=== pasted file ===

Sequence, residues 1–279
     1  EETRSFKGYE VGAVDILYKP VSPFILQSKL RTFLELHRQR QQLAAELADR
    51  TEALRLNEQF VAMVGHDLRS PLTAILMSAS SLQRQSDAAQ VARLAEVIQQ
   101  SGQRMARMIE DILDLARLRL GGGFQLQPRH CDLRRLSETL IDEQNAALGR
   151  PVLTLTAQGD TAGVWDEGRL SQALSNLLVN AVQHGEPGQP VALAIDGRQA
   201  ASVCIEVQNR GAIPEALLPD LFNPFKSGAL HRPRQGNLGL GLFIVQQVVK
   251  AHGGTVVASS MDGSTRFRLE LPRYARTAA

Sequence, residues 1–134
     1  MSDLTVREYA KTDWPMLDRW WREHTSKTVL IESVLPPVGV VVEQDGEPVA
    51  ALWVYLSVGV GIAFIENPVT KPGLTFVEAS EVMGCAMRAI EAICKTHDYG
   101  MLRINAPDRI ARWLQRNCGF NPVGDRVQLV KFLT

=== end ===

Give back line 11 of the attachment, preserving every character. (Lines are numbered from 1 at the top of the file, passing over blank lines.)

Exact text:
   101  MLRINAPDRI ARWLQRNCGF NPVGDRVQLV KFLT